As evidenced by the general lithology information presented in stratigraphic column A, the intervals in this well include carbonate, anhydrite, and some fairly clean sandstone at the lower depths. The large amounts of sulfur and calcium coupled with a lack of carbon provide clear indicators for the presence of anhydrite. As illustrated in stratigraphic column B, providing specific lithology information about the well, the carbonate is primarily limestone (sandy limestone) with some intermingled dolostone, while the anhydrite is primarily calcic anhydrite. As can be seen in the figure, results from core data analysis in column D show good agreement with the log response for the general and specific lithologies, as well as for the mineralogies. For example, band 200 in stratigraphic column D illustrates that the rock formation at this depth has a mineralogy that is almost purely anhydrite, according to the core XRD data. This correlates well with stratigraphic column C, illustrating the mineralogy at this same depth as determined by the system of the present invention, which is similarly determined to be substantially anhydrite, with minor amounts of quartzite present. Exemplary beds 202, 204, and 206 similarly illustrate good correlations between the mineralogy as determined using the methods of the present invention compared to core XRD data at the same depth.
Bed 202, in both columns C and D, shows illite clay, siderite, K-feldspar, calcite and quartz present at a measured depth of about 5180 ft; bed 204, in both columns C and D, shows the composition to be primarily carbonate at a measured depth of about 5290 ft, with minor amounts of illite and siderite; and, band 206, in both columns C and D, shows the composition at a measured depth of about 5370 ft to be primarily (>80%) quartz, with trace amounts of illite, K-feldspar, plagioclase, and carbonate.
To further evaluate the quality and potential applications of the downhole lithology and mineralogy measurement methods disclosed herein to reservoir characterization, geochemical well logs using the Formation Lithology Explorer (FLEX™) wireline logging tool (Baker Atlas, Houston, Tex.) and the Spectralog® II instrument to quantify gamma-rays from neutron capture and inelastic scattering, were run in a test well in South America. These results are presented graphically in the schematic stratigraphic columns of the formation illustrated in
Comparison of the mineralogy vs. depth stratigraphic columns in
In yet another example to further evaluate the quality and potential applications of the present downhole lithology and mineralogy measurement methods to reservoir characterization, geochemical well logs using a logging sonde to measure gamma rays from neutron capture and inelastic scattering were run in a test well in the Permian Basin of West Texas, which has been previously detailed petrographically by a number of individuals [see, for example, Saller, A. H., et al., AAPG Bulletin, v. 82(8): pp. 1528-1550 (1998), as well as references cited therein]. As illustrated in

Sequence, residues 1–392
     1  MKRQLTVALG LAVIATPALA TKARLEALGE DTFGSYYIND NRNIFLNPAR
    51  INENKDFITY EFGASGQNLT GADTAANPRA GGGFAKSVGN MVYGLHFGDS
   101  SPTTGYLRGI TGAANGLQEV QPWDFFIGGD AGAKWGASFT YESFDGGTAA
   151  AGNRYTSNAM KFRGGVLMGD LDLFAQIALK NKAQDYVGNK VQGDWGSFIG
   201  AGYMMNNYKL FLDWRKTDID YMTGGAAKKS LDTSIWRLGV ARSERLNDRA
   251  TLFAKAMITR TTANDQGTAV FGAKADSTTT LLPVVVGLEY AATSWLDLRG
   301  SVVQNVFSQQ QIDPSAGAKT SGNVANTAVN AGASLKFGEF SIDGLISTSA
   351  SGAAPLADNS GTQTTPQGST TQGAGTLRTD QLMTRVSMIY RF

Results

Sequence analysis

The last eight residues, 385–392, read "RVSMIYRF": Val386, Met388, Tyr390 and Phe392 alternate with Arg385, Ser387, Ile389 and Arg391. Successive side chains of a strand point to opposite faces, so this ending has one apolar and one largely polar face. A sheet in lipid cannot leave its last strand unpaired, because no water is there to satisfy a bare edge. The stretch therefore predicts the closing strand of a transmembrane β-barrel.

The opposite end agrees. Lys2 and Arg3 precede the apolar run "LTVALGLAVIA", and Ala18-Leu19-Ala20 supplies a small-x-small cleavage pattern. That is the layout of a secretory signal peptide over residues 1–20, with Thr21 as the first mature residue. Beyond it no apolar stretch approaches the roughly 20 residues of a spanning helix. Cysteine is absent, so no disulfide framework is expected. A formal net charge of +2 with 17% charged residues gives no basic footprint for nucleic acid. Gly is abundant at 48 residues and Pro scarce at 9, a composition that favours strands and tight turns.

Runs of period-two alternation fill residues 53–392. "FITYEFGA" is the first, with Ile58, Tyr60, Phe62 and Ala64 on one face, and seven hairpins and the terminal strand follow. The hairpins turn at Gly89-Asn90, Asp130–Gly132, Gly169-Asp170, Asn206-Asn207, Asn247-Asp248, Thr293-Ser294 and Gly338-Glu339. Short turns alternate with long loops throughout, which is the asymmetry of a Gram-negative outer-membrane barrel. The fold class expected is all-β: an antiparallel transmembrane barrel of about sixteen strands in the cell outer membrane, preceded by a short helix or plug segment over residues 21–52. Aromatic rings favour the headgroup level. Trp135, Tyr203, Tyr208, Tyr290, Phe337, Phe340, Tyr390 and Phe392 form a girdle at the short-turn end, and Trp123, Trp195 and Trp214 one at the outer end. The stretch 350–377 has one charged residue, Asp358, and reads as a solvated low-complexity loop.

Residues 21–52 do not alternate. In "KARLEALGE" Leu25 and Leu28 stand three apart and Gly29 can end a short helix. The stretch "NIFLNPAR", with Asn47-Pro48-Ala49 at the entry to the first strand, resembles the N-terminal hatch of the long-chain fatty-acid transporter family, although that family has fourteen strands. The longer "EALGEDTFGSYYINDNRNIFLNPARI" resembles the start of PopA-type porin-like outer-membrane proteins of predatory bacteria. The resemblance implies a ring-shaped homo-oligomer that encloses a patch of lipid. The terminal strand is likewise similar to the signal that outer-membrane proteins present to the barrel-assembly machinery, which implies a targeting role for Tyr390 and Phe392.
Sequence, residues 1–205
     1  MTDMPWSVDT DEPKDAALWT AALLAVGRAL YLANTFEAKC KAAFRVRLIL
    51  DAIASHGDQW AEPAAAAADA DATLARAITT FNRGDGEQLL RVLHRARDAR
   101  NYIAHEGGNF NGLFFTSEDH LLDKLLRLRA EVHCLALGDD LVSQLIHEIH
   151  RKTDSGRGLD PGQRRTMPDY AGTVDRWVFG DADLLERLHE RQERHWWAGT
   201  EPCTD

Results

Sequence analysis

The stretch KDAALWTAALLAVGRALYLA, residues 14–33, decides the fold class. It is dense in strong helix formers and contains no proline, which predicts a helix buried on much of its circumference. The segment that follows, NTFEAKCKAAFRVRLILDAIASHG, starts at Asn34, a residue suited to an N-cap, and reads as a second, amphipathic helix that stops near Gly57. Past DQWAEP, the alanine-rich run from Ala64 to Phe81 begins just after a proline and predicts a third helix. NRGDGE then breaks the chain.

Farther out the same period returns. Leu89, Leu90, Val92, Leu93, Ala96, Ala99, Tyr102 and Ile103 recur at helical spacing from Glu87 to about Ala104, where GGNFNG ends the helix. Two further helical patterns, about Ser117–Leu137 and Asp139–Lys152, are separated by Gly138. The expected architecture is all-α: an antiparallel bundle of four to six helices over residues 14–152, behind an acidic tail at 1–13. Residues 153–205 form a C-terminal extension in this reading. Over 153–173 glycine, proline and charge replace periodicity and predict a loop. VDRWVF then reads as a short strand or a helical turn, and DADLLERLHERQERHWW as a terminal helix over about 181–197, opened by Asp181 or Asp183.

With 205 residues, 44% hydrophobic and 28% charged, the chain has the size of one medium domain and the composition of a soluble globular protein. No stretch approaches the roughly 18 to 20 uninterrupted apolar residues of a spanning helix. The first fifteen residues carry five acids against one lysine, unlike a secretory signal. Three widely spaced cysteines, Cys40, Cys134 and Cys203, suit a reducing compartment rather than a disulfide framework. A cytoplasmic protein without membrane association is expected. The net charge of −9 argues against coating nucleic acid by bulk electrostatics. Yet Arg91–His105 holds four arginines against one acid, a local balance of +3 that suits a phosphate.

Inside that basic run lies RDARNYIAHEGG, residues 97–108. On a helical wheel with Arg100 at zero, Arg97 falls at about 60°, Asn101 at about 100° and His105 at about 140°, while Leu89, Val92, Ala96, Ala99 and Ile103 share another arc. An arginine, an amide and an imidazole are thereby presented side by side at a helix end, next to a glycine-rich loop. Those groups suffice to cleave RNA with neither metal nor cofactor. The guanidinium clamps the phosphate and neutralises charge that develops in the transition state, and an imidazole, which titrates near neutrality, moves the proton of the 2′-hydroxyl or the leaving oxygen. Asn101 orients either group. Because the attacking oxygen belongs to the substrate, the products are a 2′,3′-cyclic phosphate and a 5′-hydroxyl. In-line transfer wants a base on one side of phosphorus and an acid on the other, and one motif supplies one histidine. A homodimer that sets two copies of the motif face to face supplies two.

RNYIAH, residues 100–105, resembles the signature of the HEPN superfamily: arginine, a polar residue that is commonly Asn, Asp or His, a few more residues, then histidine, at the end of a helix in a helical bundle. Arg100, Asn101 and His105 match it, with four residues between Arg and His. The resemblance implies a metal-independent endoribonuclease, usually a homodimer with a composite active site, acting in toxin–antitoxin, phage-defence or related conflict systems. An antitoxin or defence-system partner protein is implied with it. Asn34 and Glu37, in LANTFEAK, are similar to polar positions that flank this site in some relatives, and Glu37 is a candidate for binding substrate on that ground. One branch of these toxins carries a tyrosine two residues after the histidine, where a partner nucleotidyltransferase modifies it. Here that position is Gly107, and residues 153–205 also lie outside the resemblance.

Comparison of the mineralogy vs. depth stratigraphic columns for the depth between about 4900 feet (MD) and about 5250 feet (MD) also illustrates an outstanding agreement between the mineralogy as determined by the systems and methods of the present invention, in comparison with core mineralogy data from the same well at the same depth interval, as obtained using X-Ray Diffraction (XRD). For example, the stratigraphic bed 220 in stratigraphic column C of
The various steps described or claimed herein can be combined with other steps, can occur in a variety of sequences unless otherwise specifically limited, various steps can be interlineated with the stated steps, and the stated steps can be split into multiple steps. Unless the context requires otherwise, the word “comprise” or variations such as “comprises” or “comprising”, should be understood to imply the inclusion of at least the stated element or step or group of elements or steps or equivalents thereof, and not the exclusion of any other element or step or group of elements or steps or equivalents thereof. Also, any directions such as “top,” “bottom,” “left,” “right,” “upper,” “lower,” and other directions and orientations are described herein for clarity in reference to the figures and are not to be limiting of the actual device or system or use of the device or system. The device or system may be used in a number of directions and orientations.
The invention has been described in the context of preferred and other embodiments and not every embodiment of the invention has been described. Obvious modifications and alterations to the described embodiments are available to those of ordinary skill in the art. The disclosed and undisclosed embodiments are not intended to limit or restrict the scope or applicability of the invention conceived of by the Applicants, but rather, in conformity with the patent laws, Applicants intends to protect all such modifications and improvements to the full extent that such falls within the scope or range of equivalent of the following claims.